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Sexting

Sexting

      Sexting Definition:

      Any electronic transmission of sexually explicit materials where another person is nude, semi-nude, or sexually suggestive.

       

      What does “Electronic Transmission” mean?

      Examples: email, cell phone, texting, web-chat, instant message, mobile app, web page, etc.

       

      Sexting and the Law:

      Prior to January 1, 2018, in Colorado a prosecutor was required to charge a minor with a FELONY, regardless of it was consensual sexting or not. Thanks to the Colorado State Legislature passing House Bill 17-1302, a prosecutor now has more legal options before charging a juvenille.  Some of the options include taking into consideration age, frequency and the motives behind the action. For example, was a sexually explicit picture of a minor forwarded to friends in hopes of inflicting embarrasment and shame, or, were sexually explicit pictures mutually shared between two juveniles who are in a committed relationship. Although both scenarios are illegal, now multiple factors can be considered before a prosecutor determines legal recourse.

       

       

      As a rule, it is best for a juvenille to never take or send a picture if it shows an area of the body that would not be covered up by a bathing suit.

       

      For more information on Colorado's sexting laws, the Colorado School Safety Resource Center (CSSRC) offers a free course called "Sexting:What You Need To Know" which can be found by clicking here: https://www.colorado.gov/pacific/cssrc/sexting

       
      Before you press send, think about: [1]
      1. You’re post may not remain private: messages and images always have the possibility to be passed around. 
      2. Once you send it, it will never truly go away.  Even if you delete it, you have no control over who may have copied it and posted elsewhere.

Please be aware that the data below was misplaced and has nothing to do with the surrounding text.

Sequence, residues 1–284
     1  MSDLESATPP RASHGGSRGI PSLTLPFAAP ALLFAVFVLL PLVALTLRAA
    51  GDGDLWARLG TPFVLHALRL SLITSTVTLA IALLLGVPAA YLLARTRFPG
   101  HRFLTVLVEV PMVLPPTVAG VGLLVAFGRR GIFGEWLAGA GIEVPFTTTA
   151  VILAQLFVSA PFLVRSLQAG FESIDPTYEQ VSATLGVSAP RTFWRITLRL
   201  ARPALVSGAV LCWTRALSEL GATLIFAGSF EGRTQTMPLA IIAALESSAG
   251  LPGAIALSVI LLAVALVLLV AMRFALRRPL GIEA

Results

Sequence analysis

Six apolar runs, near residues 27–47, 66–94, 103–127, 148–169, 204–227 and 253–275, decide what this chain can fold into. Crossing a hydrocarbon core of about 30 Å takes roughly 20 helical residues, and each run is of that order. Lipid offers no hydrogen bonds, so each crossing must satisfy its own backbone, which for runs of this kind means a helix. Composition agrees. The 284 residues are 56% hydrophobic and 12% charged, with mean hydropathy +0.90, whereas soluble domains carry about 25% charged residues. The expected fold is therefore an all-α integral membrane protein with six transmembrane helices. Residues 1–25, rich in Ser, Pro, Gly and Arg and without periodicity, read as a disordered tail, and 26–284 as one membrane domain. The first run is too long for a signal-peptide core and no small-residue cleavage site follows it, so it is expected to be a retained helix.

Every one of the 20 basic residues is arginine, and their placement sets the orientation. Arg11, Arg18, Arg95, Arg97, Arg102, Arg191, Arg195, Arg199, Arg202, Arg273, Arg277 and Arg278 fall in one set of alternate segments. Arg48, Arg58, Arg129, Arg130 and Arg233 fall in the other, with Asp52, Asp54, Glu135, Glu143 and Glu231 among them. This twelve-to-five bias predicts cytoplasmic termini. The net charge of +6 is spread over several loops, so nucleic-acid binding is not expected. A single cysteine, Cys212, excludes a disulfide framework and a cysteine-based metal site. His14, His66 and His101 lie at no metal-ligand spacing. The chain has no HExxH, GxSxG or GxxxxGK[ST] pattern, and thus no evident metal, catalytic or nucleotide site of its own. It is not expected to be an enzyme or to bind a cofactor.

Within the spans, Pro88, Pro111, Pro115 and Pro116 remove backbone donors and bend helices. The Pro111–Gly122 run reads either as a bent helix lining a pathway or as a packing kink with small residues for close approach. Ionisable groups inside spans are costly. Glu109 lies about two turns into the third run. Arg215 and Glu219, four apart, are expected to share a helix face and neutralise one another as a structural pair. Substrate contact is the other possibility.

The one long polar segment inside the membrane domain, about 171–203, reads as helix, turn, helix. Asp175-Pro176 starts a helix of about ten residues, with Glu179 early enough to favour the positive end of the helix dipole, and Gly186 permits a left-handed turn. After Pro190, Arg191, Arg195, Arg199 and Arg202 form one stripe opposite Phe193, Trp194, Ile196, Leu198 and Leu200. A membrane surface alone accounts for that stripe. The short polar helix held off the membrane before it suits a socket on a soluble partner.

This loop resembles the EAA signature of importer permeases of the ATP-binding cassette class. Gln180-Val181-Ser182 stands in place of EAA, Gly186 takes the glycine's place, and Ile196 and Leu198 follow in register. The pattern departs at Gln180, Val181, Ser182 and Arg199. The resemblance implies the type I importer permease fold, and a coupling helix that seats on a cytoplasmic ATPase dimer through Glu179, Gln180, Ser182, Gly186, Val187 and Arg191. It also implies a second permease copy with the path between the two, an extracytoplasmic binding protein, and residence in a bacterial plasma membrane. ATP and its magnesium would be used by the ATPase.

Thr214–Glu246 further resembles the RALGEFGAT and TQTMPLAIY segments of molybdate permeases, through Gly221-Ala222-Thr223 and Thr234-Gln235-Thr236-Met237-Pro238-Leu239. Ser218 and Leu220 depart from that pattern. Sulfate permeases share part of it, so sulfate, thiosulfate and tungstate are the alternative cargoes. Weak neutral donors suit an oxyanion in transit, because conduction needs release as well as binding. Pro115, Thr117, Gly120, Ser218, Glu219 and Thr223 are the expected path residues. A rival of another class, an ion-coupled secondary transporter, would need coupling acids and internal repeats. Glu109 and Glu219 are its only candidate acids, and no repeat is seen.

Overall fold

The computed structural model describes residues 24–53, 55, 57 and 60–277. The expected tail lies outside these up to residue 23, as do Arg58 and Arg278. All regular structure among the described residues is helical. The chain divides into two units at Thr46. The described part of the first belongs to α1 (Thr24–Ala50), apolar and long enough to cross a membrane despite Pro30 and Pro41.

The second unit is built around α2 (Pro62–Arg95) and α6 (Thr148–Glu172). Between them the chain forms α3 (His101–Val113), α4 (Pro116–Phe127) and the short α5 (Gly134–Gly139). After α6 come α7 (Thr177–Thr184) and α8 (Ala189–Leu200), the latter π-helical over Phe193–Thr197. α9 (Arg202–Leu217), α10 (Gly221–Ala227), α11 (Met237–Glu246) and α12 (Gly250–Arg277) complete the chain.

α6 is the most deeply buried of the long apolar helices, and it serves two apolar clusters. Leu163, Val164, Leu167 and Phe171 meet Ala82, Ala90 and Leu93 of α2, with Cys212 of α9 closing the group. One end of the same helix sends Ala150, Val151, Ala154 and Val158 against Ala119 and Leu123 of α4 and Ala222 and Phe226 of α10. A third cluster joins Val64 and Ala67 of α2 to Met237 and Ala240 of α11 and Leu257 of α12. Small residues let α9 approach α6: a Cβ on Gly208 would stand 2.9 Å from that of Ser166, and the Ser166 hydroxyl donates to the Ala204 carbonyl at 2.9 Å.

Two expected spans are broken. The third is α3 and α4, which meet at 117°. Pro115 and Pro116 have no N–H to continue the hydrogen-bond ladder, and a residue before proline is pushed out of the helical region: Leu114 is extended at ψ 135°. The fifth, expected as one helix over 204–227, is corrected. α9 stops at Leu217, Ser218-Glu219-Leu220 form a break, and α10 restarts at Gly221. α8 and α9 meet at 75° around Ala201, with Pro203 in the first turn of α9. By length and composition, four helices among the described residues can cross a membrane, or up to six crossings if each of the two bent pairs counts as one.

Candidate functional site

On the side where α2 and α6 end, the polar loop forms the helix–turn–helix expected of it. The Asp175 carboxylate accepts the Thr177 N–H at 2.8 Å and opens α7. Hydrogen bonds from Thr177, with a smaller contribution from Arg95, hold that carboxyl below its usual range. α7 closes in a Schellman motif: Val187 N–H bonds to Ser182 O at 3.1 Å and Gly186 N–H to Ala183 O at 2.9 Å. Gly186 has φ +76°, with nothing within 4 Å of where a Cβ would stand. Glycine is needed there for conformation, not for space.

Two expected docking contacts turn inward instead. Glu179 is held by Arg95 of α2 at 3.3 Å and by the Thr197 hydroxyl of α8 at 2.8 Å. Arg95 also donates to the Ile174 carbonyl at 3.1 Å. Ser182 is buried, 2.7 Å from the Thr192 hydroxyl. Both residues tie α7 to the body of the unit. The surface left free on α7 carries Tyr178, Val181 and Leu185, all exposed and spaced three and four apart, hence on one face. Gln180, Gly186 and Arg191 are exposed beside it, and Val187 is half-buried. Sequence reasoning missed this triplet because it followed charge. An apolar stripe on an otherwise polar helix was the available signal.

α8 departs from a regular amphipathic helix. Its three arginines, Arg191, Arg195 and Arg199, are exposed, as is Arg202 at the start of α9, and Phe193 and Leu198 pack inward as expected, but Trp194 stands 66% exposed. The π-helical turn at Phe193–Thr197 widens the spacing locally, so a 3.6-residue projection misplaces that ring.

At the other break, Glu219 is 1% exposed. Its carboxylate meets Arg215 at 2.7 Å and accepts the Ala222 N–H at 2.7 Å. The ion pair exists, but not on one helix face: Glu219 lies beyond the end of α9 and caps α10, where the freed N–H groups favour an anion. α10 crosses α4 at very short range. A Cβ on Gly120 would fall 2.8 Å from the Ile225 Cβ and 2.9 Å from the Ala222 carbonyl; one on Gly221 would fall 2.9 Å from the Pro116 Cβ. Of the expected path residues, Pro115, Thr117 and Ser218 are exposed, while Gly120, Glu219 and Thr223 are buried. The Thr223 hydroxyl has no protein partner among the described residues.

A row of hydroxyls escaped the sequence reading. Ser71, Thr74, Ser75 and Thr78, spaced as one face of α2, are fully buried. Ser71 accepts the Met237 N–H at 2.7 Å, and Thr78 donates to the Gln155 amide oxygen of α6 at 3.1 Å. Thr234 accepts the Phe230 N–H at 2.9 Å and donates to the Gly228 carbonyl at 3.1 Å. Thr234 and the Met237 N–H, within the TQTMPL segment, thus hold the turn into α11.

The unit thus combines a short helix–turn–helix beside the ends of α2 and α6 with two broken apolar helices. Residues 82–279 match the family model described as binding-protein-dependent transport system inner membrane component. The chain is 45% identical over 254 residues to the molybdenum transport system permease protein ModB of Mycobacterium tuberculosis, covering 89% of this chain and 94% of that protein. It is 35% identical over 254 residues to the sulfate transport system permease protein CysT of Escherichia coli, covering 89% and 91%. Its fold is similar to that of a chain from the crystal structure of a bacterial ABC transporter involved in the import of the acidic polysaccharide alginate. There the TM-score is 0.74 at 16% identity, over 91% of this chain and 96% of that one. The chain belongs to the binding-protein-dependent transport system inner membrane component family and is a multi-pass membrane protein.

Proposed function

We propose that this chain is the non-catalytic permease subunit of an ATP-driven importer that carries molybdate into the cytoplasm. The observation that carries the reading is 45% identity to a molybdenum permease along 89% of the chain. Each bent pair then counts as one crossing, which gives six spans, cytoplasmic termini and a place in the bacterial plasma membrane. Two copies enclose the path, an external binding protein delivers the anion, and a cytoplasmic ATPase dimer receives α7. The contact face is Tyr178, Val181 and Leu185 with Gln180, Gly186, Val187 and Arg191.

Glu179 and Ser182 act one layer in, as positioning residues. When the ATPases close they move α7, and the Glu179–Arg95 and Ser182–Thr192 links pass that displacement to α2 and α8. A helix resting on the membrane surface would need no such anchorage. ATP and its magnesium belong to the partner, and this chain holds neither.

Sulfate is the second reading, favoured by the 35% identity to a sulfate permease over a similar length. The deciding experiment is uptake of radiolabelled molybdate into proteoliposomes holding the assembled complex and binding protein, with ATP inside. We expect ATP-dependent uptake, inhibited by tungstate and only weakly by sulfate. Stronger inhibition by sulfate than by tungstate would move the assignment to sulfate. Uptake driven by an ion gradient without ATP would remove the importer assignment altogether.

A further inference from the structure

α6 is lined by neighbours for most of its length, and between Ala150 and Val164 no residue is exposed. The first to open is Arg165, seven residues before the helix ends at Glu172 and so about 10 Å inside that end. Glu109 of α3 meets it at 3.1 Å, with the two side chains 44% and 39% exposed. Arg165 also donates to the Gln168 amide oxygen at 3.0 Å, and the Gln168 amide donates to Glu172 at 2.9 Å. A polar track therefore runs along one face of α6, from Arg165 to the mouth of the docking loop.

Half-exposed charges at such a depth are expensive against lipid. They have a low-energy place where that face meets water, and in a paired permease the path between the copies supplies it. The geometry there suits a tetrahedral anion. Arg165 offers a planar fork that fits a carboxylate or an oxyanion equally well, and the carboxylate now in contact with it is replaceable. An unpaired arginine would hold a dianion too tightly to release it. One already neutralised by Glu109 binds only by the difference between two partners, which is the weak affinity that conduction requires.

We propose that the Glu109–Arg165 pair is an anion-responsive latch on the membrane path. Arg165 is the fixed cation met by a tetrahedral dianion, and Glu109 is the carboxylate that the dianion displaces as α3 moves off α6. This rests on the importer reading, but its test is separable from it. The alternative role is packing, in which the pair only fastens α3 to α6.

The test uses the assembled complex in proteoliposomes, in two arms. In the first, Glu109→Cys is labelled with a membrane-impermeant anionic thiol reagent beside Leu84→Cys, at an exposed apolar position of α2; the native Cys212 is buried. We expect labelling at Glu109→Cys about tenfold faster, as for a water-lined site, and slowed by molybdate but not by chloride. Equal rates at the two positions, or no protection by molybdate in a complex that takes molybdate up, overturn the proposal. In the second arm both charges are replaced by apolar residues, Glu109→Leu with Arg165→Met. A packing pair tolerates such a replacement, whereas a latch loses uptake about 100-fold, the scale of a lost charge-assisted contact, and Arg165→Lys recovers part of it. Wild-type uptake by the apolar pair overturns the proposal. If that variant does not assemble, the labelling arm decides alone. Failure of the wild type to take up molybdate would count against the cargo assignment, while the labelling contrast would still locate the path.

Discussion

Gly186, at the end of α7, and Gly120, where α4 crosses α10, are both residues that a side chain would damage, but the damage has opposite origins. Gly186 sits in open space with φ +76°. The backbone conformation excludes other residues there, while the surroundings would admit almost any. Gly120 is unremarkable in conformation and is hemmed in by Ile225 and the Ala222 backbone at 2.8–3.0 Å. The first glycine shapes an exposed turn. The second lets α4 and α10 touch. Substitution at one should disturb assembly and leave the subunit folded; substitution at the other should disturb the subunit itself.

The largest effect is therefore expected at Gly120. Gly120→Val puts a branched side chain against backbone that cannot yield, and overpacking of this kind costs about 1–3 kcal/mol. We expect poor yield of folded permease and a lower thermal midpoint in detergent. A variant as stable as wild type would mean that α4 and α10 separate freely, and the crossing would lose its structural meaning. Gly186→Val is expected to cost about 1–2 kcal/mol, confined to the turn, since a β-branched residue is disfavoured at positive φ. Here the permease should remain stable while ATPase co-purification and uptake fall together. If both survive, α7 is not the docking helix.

3. A majority of teens report having sent or post sexually suggestive or nude photos because of peer pressure.  Don’t give in to the pressure to do something that makes you uncomfortable.
      4. Try to consider the recipient’s reaction. Just because a message is meant to be fun doesn’t mean the person who gets it will see it that way.
      5. Do you really know the person you are sending it to? Nearly one in five young people who send sexually suggestive messages and images, do so to people they only know online (18% total, 15% teens, 19% young adults). 

       

      Remember: once you send it or post it online, you can never get it back.

       


      submit a tip

       

      Make a Report

      When you know someone is engaging in sexting or someone who is using illicit pictures to blackmail another person, you can always make a report to Safe2Tell™ Colorado. Call 1-877-542-7233, make a web report using the submit a tip button to the left, or download the Safe2Tell Colorado mobile app on the Apple Store or Google Play.

       

       

       
       
       

       

      [1] The National Campaign to Prevent Teen and Unplanned Pregnancy. (2008). Sex and Tech: Results from a Survey of Teens and Young Adults. Washington, DC: Author

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